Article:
Autonomic Disorders Consortium

Information for Professionals

ADC Investigators

David Robertson, MD is the Elton Yates Professor of Medicine, Pharmacology and Neurology at Vanderbilt University, where he is Director of the Clinical & Translational Research Center and the Center for Space and Physiology and Medicine. He established the Autonomic Dysfunction Clinic in 1978 as the first center devoted exclusively to the study of autonomic disorders. With the 5 collaborators in the current Autonomic Disorders Consortium, Dr. Robertson founded the American Autonomic Society in 1989. Dr. Robertson's Primer on the Autonomic Nervous System has gone through two English and one Japanese edition. His 2009 textbook, Clinical and Translational Science: Principles of Human Research was the first to cover the new discipline of translational research. Dr Robertson is PI of the Autonomic Disorders Consortium.
Italo Biaggioni, MD is Professor of Medicine and Pharmacology. He established Vanderbilt's Clinical Trials Center in 1999 to support investigators participating in multicenter trials. He is the immediate past president of the American Autonomic Society and organizes Annual Scientific Meeting of this Society. Dr Biaggioni has 26 years experience in clinical research, with a research focus on the interaction between neural (autonomic) and metabolic (adenosine and nitric oxide) mechanisms of cardiovascular control. Dr Biaggioni is Co-PI of the Autonomic Disorders Consortium
Roy Freeman, MD is Director of the Center for Autonomic and Peripheral Nerve Disorders at Beth Israel Deaconess Medical Center, Harvard Medical School, a nationally recognized diagnostic and research laboratory that evaluates both common and rare autonomic and peripheral nerve disorders. Dr Freeman and his colleagues and collaborators have developed and refined techniques, including time and frequency domain measures of heart rate, blood pressure, cerebral flow, cutaneous blood flow control, baroreflex function and sudomotor function. They have harnessed these techniques to understand the pathophysiology of diabetic peripheral neuropathy, the autonomic neuropathy of HIV infection and amyloid neuropathy, MSA and PAF. Building on work carried out by the Vanderbilt Autonomic Group and in collaboration with Dr Horacio Kaufmann in projects sponsored by the FDA orphan drug program and NORD, they have carried out mechanistic and therapeutic studies with the norepinephrine precursor, droxidopa, to treat neurogenic orthostatic hypotension. This agent is now in a multicenter clinical trial.
David S. Goldstein, MD, PhD, has been investigating brain regulation of the cardiovascular system for about 40 years. He joined the NIH as a Clinical Associate in 1978. His single-authored report on whether essential hypertension features high plasma levels of norepinephrine has been cited over 500 times. He was one of the first to validate liquid chromatography with electrical detection (LCED) for measuring levels of catecholamines in human plasma. He developed and applied approaches for estimating the rate of entry of norepinephrine into the venous drainage of the arm and later the heart. Goldstein and his group reported the first neuroimaging evidence of loss of cardiac sympathetic nerves in PD, especially PD with orthostatic hypotension, in contrast with MSA.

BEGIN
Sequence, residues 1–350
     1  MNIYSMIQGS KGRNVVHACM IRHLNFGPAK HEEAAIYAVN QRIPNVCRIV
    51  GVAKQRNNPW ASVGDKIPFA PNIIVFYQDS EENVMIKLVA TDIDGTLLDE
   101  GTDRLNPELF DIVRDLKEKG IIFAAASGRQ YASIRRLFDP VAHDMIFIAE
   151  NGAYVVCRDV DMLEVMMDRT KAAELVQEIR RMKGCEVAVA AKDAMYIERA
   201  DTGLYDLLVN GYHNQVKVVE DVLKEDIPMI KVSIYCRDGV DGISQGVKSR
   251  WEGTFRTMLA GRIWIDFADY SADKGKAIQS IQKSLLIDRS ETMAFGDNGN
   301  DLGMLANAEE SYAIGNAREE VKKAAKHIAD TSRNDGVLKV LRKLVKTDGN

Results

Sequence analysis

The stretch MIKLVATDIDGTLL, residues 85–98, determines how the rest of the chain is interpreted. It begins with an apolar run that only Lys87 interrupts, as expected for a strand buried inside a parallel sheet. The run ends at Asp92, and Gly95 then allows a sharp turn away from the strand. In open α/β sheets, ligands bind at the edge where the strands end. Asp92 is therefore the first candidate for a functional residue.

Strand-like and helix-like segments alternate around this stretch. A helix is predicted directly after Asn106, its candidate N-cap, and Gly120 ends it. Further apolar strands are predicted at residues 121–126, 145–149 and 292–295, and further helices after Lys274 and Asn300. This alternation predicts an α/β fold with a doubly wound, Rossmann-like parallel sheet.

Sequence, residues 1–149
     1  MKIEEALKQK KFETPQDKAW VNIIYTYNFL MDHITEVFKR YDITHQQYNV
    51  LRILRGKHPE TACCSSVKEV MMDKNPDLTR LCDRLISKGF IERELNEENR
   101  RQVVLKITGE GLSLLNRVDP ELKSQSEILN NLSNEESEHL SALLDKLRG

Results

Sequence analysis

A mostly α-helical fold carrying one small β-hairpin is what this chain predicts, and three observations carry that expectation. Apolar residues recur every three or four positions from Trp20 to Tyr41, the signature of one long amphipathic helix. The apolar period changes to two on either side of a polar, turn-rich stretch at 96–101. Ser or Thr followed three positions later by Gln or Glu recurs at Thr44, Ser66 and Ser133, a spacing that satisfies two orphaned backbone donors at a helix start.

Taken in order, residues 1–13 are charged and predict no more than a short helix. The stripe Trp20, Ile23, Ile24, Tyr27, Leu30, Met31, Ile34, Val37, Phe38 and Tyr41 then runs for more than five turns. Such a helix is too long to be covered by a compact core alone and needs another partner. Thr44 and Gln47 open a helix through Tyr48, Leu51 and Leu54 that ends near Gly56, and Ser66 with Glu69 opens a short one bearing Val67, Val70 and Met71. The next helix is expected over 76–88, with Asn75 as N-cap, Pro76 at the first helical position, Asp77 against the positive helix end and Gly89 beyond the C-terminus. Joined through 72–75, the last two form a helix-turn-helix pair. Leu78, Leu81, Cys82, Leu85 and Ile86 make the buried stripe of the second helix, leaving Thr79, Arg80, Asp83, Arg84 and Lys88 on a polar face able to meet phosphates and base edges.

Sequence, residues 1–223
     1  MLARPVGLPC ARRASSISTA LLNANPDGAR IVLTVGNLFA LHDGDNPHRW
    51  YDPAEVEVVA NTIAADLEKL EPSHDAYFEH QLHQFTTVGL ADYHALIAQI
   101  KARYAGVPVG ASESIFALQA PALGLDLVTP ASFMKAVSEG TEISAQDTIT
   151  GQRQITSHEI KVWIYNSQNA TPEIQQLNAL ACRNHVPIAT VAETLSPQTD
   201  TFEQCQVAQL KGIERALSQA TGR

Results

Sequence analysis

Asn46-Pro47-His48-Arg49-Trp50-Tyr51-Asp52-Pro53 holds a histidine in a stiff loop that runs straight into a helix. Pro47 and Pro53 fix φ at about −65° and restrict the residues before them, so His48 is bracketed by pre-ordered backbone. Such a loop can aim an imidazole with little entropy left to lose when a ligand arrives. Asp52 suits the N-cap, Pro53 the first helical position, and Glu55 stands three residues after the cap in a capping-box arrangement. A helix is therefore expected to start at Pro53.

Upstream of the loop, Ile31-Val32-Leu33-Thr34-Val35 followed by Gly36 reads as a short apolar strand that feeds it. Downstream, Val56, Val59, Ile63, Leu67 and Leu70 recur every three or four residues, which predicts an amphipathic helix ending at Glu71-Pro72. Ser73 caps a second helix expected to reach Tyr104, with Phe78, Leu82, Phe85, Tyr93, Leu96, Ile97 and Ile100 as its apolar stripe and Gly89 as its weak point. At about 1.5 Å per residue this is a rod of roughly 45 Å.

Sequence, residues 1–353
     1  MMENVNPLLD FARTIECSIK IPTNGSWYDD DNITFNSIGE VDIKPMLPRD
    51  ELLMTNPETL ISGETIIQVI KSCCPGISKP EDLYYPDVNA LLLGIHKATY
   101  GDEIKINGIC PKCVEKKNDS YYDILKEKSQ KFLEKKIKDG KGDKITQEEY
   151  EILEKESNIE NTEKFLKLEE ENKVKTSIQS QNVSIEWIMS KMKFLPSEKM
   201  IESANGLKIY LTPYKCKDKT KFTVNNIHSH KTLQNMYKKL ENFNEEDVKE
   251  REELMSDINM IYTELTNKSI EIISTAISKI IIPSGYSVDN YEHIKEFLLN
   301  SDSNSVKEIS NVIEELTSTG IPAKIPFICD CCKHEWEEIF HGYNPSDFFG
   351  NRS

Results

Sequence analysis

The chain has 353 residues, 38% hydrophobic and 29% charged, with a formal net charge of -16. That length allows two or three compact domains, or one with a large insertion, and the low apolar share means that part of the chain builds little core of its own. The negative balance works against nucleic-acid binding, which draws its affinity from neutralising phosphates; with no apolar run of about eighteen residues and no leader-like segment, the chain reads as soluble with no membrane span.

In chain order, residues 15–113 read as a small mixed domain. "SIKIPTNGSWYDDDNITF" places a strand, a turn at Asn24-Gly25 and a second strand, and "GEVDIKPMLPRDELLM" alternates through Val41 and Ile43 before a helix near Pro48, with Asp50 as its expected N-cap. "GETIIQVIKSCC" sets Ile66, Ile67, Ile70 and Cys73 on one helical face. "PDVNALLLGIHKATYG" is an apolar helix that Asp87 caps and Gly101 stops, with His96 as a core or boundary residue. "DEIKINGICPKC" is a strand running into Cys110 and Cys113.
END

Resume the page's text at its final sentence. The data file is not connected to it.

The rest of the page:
Horacio Kaufmann, MD is the Axelrod Professor of Neurology and Medicine at New York University. He is the director of NYU's Dysautonomia Center, which specializes in research and treatment of genetic and acquired autonomic disorders. Dr. Kaufmann's research over the last 20 years has focused on the autonomic abnormalities of patients with neurodegenerative disorders. He first described Lewy body pathology in the cardiac plexus and peripheral autonomic nerves in patients with PAF. In collaboration with other consortium members, he conducted the pivotal clinical trials of midodrine and droxidopa in the U.S. He is the current Editor-in-Chief of Clinical Autonomic Research.
Phillip A. Low, MD was introduced to autonomic nervous system disorders about 1970. He has been a leader in the development of quantitative tests and instruments to evaluate autonomic function. He invented the quantitative sudomotor function test. He also helped develop the thermoregulatory sweat test. Additionally, he developed and validated tests of cardiovagal and adrenergic function, combining them into a composite autonomic reflex screen. These tests have been used at the Mayo Clinic to intensively evaluate the heterogeneity of POTS, its natural history and treatment options. Over ten years ago, Dr Phillip Low and his colleagues successfully launched the nation's first Autonomic Disorders Program Project which has been continuously funded by the NIH. This program is focused on elucidating the pathophysiology of autonomic failure /dysfunction and developing novel therapies. Dr Low has played a leadership role in the design and implementation of national phase 3 treatment trials of orthostatic hypotension and neuropathy, especially diabetic neuropathy.